In Uncategorized on 01/04/2016 at 17:06

Smooth or not, the course of true love doesn’t bind IRS in Diane Blagaich, 2016 T. C. Memo. 2, filed 1/4/16, with Judge Halpern firing the opening salvo in the 2016 Tax Year bombardment.

Di wants IRS estopped from denying that the $700K she got in the year at issue was partly an outright gift, and partly a rescinded gift to the extent of $400K.

She got the $700K from the late Lew Burns before he became the late Lew Burns. Lew could spell all right but his big heart led him astray. Diane was his live-in source of comfort, and received $700K from Lew during their two-year relationship, part in cash and part in the form of a $79K Corvette Lew bought her because he wanted to end her biker-babe Harley Davidson gig. But their relationship turned sour, Lew ejected her from his home, and, when he claimed she was two-timing him, sued her for the loot.

As a parting gift, Lew hit Di with a Form 1099-MISC for the $700K. Di of course reported nothing.

IRS hit Di with a SNOD for the whole $700K, Di timely petitioned, and IRS got wind of the judicial goings-on. So IRS asked for, and got, copies of pleadings, depositions, documents and decisions from State court. And Di asked for, and got, an unopposed continuance of her Tax Court case while she fought it out with Lew’s estate.

Finally, two years after the year at issue, State court decides Di owes the Late Lew’s estate $400K, and the next year the ex’rs send a revised 1099-MISC showing Di paid the $400K. The $300K remaining, including but  without in any way limiting the generality of the foregoing the ‘Vette aforesaid,  was a gift, said State court.

Di wants summary J that the most she owes is zero, as the $400K was the result of the partial rescission of the $700K, and the rest of the loot was a gift, as State court decided.

No on both counts, says Judge Halpern.

First, Di argues issue preclusion. IRS was fully aware of the State court case from overture to the Fat Lady’s cavatina. Not enough, says Judge Halpern. For summary J, parties’ interest must be aligned, so that the party can virtually represent the nonparty. Alternatively, the nonparty must participate in the litigation, although short of formal intervention, so as to be an active player.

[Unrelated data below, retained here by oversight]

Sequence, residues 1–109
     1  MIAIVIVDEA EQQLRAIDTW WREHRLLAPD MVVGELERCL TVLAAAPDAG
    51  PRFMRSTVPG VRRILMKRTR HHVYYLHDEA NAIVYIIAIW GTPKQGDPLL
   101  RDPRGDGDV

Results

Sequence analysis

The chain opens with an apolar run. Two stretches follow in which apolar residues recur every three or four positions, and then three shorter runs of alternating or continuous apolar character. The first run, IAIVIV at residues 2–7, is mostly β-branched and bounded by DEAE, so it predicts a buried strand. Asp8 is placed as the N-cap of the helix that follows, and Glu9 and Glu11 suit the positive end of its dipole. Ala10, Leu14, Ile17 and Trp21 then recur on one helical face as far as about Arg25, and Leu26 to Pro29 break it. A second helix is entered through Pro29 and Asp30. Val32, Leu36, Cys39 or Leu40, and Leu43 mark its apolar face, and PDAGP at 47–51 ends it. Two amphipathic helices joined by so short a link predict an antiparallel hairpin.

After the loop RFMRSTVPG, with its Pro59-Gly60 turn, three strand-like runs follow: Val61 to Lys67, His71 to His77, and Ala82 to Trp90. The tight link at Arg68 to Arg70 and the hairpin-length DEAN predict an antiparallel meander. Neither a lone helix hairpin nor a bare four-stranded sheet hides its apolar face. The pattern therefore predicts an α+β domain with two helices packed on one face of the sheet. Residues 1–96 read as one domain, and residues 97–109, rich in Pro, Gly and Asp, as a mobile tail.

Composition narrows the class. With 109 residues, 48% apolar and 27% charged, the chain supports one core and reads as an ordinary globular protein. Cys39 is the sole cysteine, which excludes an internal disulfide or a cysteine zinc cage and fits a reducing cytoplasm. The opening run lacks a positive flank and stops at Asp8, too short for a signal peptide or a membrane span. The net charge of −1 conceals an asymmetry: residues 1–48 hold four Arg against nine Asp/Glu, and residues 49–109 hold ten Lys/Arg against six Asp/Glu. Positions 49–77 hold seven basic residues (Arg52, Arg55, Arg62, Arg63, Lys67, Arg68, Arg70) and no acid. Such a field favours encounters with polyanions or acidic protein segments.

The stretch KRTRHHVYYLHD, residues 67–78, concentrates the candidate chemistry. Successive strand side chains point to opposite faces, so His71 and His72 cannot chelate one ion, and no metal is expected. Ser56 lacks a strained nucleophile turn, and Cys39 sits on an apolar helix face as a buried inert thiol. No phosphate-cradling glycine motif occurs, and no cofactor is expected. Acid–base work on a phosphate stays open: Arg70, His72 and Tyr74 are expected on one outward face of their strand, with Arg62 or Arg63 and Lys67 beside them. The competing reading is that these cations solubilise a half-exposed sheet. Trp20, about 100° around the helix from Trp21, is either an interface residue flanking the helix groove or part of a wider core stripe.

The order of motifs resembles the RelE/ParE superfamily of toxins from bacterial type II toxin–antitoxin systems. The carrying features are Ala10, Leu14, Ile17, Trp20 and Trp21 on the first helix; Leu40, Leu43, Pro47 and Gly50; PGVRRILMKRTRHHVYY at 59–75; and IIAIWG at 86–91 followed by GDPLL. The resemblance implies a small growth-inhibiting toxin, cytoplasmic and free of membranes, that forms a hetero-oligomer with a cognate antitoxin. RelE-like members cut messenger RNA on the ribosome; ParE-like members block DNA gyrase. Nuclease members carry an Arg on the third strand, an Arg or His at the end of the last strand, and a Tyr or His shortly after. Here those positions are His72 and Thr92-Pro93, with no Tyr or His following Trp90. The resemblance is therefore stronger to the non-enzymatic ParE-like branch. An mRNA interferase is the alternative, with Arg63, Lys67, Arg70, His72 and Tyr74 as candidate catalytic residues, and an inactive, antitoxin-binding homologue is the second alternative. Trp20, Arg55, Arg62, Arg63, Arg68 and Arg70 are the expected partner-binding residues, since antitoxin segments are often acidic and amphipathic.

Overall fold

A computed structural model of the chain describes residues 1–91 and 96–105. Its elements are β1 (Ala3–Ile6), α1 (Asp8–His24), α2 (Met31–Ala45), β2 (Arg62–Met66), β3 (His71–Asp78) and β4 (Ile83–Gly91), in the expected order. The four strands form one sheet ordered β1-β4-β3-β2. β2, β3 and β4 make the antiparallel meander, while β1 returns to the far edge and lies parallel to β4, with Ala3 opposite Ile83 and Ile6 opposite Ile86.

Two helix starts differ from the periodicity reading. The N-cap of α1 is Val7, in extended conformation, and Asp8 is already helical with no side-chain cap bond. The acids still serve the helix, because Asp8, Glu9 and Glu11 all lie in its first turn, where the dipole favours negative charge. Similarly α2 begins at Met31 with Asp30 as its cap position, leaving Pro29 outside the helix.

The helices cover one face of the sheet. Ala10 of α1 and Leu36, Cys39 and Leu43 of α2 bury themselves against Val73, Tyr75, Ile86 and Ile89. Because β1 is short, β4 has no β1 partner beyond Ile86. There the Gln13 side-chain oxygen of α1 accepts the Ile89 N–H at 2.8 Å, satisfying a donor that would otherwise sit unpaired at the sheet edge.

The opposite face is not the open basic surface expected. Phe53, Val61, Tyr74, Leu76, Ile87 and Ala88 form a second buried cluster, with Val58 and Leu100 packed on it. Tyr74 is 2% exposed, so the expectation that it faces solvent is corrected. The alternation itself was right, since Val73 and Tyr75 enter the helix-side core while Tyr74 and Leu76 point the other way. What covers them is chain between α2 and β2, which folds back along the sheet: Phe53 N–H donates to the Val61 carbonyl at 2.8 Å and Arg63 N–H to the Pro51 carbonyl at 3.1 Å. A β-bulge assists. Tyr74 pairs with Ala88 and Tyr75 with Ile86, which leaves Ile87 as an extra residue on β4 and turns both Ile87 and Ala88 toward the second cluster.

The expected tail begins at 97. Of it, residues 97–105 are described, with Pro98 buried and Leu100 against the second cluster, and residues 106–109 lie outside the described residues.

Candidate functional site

Just sitting in the stands is not enough, however hard you root for one side or the other and look at the game with binoculars. To be bound, you have to be on the bench or on the field. IRS wasn’t.

So IRS can retry what part of the $700K was a gift in Tax Court, regardless of State court’s conclusions.

As for rescission, that has to happen in the same year that the money or money’s worth was transferred. Each year stands on its own. “Petitioner relies on Hope v. Commissioner, 55 T.C. 1020, 1030 (1971), aff’d, 471 F.2d 738 (3d Cir. 1973), which suggests that the rescission doctrine may apply even when repayment of a gain does not formally occur in the year of receipt, but only if, before the end of the year, ‘[the] taxpayer recognizes his liability under an existing and fixed obligation to repay the amount received and makes provisions for repayment.’ Nothing in the facts presented indicates petitioner recognized such a liability, much less made provision for repayment, in…the year she received the $400,000. Indeed, the record shows petitioner maintained… that she was under no obligation whatsoever to return the money paid to her under the agreement. Putting aside petitioner’s questionable analogy regarding ‘a lack of control over the rescission’, the suggestion in Hope is inapplicable to the facts of this case.” 2016 T. C. 2, at p. 14.

And Di’s equitable argument founders on the “we ain’t got no equitable jurisdiction” mantra.

Di, go try the case.


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